Lorenzo Brown put more distance between him and the ACC player of the year field on Saturday.
By ANDREW JONES FS Carolinas
RALEIGH, N.C. -- Saturday night wasn't exactly a typical night for North Carolina State's basketball team.
The Wolfpack made another statement about the order of things along Tobacco Road, firmly planting their relevance smack dab into the middle of the lane Duke and North Carolina have traveled for decades. In one particular area, however, the Wolfpack jumped out in front of the Blue Devils,
Tar Heels and everyone else in the ACC.
Junior point guard Lorenzo Brown is now the front-runner for ACC Player of the Year. He had been trending that way going well back into December, and after Saturday night's 20-point, 11-assist performance in a 91-83 romp over the visiting Tar Heels, Brown is now a full length ahead of anyone else.
"He was great again," senior forward Richard Howell said about Brown. "But he's been great all year. We know what he can do and we know every game he's gonna do it."
Brown is second on the Wolfpack (16-4, 5-2 ACC) in scoring at 13.2 points per game, leads the ACC with 7.2 assists and is averaging 4.4 rebounds per contest. In addition, the 6-foot-5 combo guard-turned playmaker swipes more than two steals per outing, so he's getting it done on both ends of the court.
On Saturday, Brown put on a clinic in how to operate in the open court against a program most defined by running efficient and entertaining fast breaks. In the first half alone, NC State put 20 fast-break points on the board to the Tar Heels' zero. For the game, NCSU registered 39 such points, and Brown's DNA was all over the Pack's output.
From wrap-around and behind-the-back passes to b-lines right to the rim, the Roswell, Ga., native put on a show. But he said the highlight reel stuff began on the defensive end, and keeping
UNC from churning its wheels.
"It was very big to contain those guys on the fast-break point," Brown said. "But we're used to it because we run the same type of offense. We run it every day in practice."
Brown's defense on UNC freshman guard
Marcus Paige was so thoroughly dominating that at one point in the second half, Carolina coach Roy Williams dug well into his bench and played seldom-used guard Luke Davis in place of Paige for a six-minute stretch.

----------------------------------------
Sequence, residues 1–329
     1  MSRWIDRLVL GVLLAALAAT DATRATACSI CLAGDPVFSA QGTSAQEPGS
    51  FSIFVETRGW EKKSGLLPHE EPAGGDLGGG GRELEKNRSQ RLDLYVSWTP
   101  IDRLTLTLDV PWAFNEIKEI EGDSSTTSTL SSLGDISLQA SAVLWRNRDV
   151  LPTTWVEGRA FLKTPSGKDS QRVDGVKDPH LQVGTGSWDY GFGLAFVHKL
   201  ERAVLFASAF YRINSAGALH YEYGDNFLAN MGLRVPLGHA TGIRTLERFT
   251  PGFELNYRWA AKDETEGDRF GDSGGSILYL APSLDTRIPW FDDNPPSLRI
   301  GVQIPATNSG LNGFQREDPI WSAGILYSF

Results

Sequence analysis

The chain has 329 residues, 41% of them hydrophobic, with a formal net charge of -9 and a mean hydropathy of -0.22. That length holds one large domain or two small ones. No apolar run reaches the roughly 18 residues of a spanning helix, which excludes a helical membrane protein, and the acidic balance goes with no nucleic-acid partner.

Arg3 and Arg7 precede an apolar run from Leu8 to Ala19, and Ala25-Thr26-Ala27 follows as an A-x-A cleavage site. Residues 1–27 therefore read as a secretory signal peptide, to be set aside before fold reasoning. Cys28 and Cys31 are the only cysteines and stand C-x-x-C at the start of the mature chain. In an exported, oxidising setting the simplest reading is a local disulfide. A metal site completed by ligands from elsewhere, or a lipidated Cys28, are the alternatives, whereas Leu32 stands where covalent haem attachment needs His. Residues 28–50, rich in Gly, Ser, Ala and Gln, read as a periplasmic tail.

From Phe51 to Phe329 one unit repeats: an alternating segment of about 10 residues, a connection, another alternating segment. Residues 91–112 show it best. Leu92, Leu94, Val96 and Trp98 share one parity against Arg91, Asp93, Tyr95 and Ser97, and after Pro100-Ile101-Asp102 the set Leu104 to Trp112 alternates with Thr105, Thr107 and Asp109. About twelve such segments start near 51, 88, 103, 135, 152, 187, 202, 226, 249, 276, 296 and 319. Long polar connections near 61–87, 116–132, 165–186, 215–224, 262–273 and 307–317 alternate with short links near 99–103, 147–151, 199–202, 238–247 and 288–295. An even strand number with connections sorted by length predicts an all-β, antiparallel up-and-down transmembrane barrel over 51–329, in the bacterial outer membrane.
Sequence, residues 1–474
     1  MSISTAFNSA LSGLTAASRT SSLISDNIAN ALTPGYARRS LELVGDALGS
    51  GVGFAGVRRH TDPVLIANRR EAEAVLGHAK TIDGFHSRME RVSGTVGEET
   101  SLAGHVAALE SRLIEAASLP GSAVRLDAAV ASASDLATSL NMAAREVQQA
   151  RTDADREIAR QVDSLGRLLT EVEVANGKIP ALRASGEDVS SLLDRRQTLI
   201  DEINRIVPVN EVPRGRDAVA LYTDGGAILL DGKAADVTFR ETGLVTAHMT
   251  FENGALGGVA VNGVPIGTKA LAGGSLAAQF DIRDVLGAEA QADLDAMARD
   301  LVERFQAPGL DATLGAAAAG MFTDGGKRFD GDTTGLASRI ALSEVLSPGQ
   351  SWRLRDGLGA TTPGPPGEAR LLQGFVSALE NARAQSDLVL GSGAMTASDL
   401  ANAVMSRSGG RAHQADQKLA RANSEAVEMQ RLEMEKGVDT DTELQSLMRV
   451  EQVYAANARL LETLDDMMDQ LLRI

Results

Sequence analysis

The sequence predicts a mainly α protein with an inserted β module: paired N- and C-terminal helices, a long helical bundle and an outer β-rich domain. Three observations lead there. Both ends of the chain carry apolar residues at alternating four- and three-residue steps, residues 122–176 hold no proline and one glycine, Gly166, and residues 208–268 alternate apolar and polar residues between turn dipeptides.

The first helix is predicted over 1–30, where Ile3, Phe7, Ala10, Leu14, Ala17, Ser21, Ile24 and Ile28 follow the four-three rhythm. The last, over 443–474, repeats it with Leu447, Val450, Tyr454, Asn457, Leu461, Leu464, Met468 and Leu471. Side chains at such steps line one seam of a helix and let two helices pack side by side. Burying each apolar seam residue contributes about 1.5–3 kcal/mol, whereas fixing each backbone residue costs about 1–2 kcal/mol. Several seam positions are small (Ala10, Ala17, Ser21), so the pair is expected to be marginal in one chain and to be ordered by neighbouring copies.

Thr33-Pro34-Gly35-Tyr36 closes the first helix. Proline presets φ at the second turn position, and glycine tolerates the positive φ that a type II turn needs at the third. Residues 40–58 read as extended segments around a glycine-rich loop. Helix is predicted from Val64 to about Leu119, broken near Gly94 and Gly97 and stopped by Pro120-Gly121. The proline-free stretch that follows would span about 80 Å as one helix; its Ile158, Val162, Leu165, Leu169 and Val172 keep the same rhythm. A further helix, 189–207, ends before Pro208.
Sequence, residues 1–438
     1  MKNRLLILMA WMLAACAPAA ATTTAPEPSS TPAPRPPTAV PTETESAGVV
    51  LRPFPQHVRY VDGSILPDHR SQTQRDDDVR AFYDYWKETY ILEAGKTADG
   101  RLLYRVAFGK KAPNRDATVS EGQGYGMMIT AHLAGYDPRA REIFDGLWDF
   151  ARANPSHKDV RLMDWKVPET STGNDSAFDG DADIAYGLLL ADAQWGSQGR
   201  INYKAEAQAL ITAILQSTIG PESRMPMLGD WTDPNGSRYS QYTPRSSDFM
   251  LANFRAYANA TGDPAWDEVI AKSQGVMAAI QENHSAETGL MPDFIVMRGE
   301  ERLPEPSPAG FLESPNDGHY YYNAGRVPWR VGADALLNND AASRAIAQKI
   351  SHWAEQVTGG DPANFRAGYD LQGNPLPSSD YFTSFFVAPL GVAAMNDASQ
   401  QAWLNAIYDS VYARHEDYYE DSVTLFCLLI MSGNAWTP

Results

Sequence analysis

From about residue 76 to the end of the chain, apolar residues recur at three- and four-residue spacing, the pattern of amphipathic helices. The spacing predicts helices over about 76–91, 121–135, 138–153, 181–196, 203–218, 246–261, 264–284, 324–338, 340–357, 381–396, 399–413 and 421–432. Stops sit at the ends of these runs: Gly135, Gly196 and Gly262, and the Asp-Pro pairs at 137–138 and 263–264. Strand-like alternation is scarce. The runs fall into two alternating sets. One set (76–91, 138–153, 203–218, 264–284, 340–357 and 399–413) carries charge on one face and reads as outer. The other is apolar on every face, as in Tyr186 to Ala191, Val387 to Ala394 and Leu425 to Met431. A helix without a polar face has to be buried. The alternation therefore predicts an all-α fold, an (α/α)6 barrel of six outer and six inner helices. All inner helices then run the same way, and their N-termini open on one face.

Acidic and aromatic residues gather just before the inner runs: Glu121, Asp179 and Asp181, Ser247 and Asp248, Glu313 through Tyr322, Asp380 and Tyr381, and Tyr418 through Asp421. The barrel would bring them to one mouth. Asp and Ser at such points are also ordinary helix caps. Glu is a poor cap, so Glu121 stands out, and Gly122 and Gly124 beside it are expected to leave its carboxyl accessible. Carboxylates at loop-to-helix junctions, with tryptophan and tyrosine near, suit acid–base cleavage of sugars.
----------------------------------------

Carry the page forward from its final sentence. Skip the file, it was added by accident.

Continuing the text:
At that point, Paige was 0 for 8 from the field with three turnovers. One came when he simply lost control of his dribble near mid-court and the ball bounced into the backcourt for a violation with Brown applying no physical pressure.
Brown's effect also was in the form of perimeter shooting, where he drained both 3-point attempts, and at the charity stripe, where he was 6 for 6. And demonstrating the importance of beating the Tar Heels and opening up a 28-point lead at one point in the second half, Brown even let loose about a half-dozen smiles during the game.
Given that his only facial expression in a victory over Duke two weeks ago came with 28 seconds remaining indicates how he must have felt inside over his own performance and for the Wolfpack finally knocking the Tar Heels from their perch.
"Since I've been here, we've got a beat down," Brown said, referring to having never beaten UNC. "I'm just proud of my guys. We work hard and it's paying off."
The Wolfpack failed to back up their win over Duke with a victory in their next game, falling by a point at Maryland. Now they hit the road again, visiting a quality Virginia club Tuesday night. The deliberate Cavaliers defend as well as anyone in the ACC and present a significant challenge to NC State.
To keep the fire of beating UNC stoked, the Wolfpack must meet the challenge.
"Staying focused," Brown said is the key to beating Virginia. "We have to do that. We go to Virginia, and they are a good shooting team. We have to stop them from shooting the 3."
With Brown doing his thing, NC State's chances are pretty good to beat Virginia and anyone else the Wolfpack face.